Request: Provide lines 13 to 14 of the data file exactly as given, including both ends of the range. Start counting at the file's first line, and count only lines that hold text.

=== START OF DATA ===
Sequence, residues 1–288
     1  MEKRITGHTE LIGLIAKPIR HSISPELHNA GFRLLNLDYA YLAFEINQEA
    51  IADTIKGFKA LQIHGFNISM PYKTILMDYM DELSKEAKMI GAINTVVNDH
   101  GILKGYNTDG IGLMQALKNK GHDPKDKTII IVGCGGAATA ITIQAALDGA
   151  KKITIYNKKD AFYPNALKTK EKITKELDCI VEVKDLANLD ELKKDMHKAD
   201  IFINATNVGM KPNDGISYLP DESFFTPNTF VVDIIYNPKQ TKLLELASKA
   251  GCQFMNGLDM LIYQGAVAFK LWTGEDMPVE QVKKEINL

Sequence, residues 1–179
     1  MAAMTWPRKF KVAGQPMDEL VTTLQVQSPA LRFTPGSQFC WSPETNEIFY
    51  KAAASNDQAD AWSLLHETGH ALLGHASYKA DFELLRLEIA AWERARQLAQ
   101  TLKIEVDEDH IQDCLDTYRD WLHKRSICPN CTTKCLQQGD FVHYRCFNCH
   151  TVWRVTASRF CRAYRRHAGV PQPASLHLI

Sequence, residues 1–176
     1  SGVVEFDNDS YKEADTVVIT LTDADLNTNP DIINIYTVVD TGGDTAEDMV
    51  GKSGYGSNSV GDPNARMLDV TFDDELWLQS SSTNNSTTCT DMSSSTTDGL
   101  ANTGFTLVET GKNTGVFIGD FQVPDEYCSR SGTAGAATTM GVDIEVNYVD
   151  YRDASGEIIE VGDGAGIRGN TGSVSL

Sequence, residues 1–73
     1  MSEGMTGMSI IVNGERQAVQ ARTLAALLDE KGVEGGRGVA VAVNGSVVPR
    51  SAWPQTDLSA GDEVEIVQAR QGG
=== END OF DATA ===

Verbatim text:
Sequence, residues 1–176
     1  SGVVEFDNDS YKEADTVVIT LTDADLNTNP DIINIYTVVD TGGDTAEDMV